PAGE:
The result of all this is that I’m seeing organizations starting to build their digital automation platforms with much more granular components, and BPMS vendors offering their products in a granularity to match that. It’s this pattern that I’ll be talking about in my bpmNEXT keynote in Santa Barbara on April 16, “Best of Breed: Rolling Your Own Digital Automation Platform using BPMS and Microservices”. Hope to see you there.
We started the second day of the OpenText Analyst Summit 2019 with their CFO, Madhu Ranganathan, talking about their growth via acquisitions and organic growth. She claimed that their history of acquisitions shows that M&A does work — a point with which some industry specialists may not agree, given the still overlapping collection of products in their portfolio — but there’s no doubt that they’re growing well based on their six-year financials, across a broad range of industries and geographies. She sees this as a position for continuing to scale to $1B in operating cash flow by June 2021, an ambitious but achievable target, on their existing 25-year run.
Ted Harrison, EVP of Worldwide Sales, was up next with an update on their customer base: 85 of the 100 largest companies in the world, 17 of the top 20 financial services companies, 20 of the top 20 life sciences companies, etc. He walked through the composition of the 1,600 sales professionals in their teams, from the account executives and sales reps to the solution consultants and other support roles. They also have an extensive partner channel bringing domain expertise and customer relationships. He highlighted a few customers in some of the key product areas — GM for digital identity management, Nestle for supply chain management, Malaysia Airports for AI and analytics,and British American Tobacco for SuccessFactors-OT2 integration — with a focus on customers that are using OpenText in ways that span their business operations in a significant way.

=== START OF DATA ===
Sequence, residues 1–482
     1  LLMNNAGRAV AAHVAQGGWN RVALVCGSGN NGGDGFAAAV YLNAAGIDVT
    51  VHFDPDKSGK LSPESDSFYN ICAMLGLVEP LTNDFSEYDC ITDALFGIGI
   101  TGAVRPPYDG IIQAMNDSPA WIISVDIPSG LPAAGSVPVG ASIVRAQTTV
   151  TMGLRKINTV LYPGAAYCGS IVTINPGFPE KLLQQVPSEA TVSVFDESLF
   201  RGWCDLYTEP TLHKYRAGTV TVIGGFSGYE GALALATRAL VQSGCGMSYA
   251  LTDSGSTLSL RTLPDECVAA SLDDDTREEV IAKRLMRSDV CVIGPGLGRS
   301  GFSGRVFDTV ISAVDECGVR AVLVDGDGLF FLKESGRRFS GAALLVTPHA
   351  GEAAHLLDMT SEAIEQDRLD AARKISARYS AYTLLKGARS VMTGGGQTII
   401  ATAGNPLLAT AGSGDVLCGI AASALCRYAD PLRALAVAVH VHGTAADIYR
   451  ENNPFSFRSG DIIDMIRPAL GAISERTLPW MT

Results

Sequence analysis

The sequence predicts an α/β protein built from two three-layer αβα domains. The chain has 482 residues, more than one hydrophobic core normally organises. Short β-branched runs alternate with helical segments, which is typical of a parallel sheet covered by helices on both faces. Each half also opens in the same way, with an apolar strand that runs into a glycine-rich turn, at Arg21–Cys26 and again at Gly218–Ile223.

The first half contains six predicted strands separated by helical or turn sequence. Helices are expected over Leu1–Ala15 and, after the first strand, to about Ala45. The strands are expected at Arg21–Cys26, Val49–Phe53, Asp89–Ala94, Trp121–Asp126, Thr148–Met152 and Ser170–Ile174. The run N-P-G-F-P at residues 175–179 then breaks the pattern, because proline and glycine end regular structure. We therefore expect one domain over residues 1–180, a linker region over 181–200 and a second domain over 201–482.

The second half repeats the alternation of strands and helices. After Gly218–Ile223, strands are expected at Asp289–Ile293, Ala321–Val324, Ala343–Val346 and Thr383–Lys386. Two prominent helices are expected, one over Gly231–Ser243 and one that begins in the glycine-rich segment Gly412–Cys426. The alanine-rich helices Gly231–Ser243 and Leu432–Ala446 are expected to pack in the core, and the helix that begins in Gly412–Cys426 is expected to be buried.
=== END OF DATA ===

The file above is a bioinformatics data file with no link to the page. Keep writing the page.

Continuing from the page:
James McGourlay, EVP of Customer Operations, covered how their global technical support and professional services organization has aligned with the customer journey from deployment to adoption to expansion of their OpenText products. With 1,400 professional services people, they have 3,000 engagements going on at any given time across 30 countries. As with most large vendors’ PS groups, they have a toolbox of solution accelerators, best practices, and expert resources to help with initial implementation and ongoing operations. This is also where they partner with systems integrators such as CGI, Accenture and Deloitte, and platform partners like Microsoft and Oracle. He addressed the work of their 1,500 technical support professionals across four major centers of excellence for round-the-clock support, co-located with engineering teams to provide a more direct link to technical solutions. They have a strong focus on customer satisfaction in PS and technical support because they realize that happy customers tend to buy more stuff; this is particularly important when you have a lot of different products to sell to those customers to expand your footprint within their organizations.
Good to hear more about the corporate and operations side than I normally cover, but looking forward to this afternoon’s deeper dives into product technology.